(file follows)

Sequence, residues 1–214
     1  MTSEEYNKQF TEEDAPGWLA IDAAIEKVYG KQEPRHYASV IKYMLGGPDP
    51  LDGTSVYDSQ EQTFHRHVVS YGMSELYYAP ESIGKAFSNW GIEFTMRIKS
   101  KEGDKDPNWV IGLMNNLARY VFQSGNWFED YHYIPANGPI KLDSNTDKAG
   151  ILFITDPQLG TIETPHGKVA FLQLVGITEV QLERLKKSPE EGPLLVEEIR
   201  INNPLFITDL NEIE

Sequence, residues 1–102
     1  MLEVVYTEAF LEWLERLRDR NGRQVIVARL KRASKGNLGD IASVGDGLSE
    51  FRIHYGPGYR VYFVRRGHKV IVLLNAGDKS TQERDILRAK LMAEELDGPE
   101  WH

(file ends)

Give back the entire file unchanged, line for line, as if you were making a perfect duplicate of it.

Sequence, residues 1–214
     1  MTSEEYNKQF TEEDAPGWLA IDAAIEKVYG KQEPRHYASV IKYMLGGPDP
    51  LDGTSVYDSQ EQTFHRHVVS YGMSELYYAP ESIGKAFSNW GIEFTMRIKS
   101  KEGDKDPNWV IGLMNNLARY VFQSGNWFED YHYIPANGPI KLDSNTDKAG
   151  ILFITDPQLG TIETPHGKVA FLQLVGITEV QLERLKKSPE EGPLLVEEIR
   201  INNPLFITDL NEIE

Sequence, residues 1–102
     1  MLEVVYTEAF LEWLERLRDR NGRQVIVARL KRASKGNLGD IASVGDGLSE
    51  FRIHYGPGYR VYFVRRGHKV IVLLNAGDKS TQERDILRAK LMAEELDGPE
   101  WH